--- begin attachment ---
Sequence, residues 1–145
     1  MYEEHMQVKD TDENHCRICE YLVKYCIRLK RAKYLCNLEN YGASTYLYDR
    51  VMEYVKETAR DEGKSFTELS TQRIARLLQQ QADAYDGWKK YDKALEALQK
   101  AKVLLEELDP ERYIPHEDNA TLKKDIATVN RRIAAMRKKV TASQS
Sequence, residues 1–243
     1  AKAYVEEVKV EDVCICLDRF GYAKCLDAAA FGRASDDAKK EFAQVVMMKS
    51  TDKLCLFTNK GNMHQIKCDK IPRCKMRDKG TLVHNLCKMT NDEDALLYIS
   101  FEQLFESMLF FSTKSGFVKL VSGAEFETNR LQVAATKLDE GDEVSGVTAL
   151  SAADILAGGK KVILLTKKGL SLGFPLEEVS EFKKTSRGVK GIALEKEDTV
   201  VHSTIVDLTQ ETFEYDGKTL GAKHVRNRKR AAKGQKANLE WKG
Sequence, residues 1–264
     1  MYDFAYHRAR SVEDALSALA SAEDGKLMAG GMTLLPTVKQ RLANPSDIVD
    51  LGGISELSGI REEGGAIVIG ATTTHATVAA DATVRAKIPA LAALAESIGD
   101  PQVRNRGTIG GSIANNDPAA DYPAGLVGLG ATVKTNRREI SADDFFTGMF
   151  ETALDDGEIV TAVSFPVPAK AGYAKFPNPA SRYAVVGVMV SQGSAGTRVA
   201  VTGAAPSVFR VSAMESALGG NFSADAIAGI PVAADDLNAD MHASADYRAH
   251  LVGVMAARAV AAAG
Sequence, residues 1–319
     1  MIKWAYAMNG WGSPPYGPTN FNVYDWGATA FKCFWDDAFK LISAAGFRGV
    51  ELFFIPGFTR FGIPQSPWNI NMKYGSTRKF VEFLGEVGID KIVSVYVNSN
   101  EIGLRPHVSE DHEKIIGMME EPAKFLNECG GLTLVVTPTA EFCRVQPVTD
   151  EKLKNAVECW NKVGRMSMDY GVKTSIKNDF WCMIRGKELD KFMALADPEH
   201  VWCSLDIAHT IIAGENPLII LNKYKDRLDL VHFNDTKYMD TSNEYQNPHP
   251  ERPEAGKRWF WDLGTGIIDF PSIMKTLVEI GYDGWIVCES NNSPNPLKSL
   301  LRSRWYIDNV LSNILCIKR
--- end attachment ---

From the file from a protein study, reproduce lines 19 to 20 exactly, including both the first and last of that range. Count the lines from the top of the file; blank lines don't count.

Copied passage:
     1  MIKWAYAMNG WGSPPYGPTN FNVYDWGATA FKCFWDDAFK LISAAGFRGV
    51  ELFFIPGFTR FGIPQSPWNI NMKYGSTRKF VEFLGEVGID KIVSVYVNSN